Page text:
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See also: Honk and hönk

Contents

EnglishEdit

Etymology 1Edit

Onomatopoeic.

PronunciationEdit

VerbEdit

honk (third-person singular simple present honks, present participle honking, simple past and past participle honked)

  1. (transitive, intransitive) To use a car horn.
    They stood and observed how long it took for the other cars to honk.
  2. (intransitive) To make a loud, harsh sound like a car horn.
  3. (intransitive) To make the vocal sound of a goose.
  4. (informal) To vomit: regurgitate the contents of one's stomach.
  5. (informal) To have a bad smell.
  6. (informal) To squeeze playfully, usually a breast or nose.
TranslationsEdit

NounEdit

honk (countable and uncountable, plural honks)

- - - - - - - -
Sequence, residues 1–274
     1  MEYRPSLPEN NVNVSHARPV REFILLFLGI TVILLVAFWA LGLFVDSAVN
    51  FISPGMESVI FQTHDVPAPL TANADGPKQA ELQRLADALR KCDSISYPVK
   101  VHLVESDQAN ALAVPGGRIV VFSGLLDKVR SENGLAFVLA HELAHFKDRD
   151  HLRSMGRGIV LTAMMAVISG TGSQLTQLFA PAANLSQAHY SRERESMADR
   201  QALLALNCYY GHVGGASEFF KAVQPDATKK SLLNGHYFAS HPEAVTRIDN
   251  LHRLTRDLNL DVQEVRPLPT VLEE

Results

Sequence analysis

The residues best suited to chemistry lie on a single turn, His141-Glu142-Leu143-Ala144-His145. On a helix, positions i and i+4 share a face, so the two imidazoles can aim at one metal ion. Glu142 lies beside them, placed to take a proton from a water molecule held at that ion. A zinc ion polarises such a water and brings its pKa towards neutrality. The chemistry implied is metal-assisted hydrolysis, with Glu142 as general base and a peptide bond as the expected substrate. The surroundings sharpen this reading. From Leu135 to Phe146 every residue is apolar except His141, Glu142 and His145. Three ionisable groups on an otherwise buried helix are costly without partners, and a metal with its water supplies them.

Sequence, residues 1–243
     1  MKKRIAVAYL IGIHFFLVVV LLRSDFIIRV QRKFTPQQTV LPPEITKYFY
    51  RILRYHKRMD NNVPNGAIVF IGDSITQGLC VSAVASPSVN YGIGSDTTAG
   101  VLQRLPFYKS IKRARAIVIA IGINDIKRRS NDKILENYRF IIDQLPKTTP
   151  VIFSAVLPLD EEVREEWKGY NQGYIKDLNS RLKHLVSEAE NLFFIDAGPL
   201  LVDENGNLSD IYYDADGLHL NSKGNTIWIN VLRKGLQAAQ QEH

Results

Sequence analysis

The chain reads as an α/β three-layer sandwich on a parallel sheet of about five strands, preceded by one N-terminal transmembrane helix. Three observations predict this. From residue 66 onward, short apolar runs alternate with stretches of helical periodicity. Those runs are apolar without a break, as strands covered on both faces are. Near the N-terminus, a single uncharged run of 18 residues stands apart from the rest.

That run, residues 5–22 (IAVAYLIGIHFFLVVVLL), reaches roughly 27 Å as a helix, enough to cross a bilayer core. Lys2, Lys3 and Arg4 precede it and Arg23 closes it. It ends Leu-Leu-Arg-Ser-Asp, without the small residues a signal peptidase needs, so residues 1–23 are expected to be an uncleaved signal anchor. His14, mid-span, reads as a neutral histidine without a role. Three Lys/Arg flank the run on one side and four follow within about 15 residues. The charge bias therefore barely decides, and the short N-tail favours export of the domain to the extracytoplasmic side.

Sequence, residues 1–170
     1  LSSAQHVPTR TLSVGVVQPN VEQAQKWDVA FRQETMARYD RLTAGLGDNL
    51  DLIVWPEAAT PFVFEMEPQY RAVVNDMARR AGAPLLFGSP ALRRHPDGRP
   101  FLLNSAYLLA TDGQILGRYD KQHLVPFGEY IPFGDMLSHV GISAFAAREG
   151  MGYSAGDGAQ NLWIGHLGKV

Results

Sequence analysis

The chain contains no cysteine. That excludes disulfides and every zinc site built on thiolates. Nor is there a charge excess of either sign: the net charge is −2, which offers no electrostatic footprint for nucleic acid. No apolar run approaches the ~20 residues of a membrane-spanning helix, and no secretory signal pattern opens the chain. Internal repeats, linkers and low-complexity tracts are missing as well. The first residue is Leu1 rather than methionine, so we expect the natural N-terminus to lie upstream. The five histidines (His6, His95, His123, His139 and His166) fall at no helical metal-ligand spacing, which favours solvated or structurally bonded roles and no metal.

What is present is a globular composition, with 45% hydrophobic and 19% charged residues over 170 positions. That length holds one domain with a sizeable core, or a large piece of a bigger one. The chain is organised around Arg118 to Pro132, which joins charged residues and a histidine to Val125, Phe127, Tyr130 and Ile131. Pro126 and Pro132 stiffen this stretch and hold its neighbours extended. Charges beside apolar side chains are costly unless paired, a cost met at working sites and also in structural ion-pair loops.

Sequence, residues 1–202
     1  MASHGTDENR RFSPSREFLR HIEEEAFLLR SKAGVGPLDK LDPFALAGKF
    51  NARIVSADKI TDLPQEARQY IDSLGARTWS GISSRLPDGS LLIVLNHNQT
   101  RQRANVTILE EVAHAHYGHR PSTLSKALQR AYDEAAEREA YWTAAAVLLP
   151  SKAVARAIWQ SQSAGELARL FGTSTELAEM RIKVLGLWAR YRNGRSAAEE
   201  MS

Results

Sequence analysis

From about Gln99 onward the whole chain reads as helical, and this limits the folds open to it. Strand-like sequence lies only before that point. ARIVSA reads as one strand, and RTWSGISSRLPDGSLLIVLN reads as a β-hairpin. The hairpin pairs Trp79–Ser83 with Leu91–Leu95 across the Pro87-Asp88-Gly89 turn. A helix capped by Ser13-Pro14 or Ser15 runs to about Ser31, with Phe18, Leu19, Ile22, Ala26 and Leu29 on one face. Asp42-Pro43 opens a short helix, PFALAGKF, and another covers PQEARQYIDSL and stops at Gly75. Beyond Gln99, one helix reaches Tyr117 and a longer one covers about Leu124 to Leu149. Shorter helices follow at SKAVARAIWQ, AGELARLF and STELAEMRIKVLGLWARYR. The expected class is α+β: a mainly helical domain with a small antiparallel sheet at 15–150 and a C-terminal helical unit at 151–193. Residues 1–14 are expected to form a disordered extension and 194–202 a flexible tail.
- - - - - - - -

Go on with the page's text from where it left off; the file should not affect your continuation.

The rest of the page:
1. The sound produced by a typical car horn.
  2. The cry of a goose.
  3. (informal) A bad smell.
TranslationsEdit

InterjectionEdit

honk

  1. Imitation of car horn, used, for example, to clear a path for oneself.
TranslationsEdit

Etymology 2Edit

NounEdit

honk (plural honks)

  1. Clipping of honky.

AnagramsEdit


DutchEdit

EtymologyEdit

From Middle Dutch honc, likely through Old Dutch from Proto-Germanic *hank-, *hunk-. Only has cognates in the Frisian languages. Possibly related to haak (hook) and hoek (corner).

PronunciationEdit

  • (file)

NounEdit

honk n (plural honken, diminutive honkje n)

  1. (somewhat rare) home, place where one belongs, shelter
  2. (games) base (safe zone)

SynonymsEdit

Derived termsEdit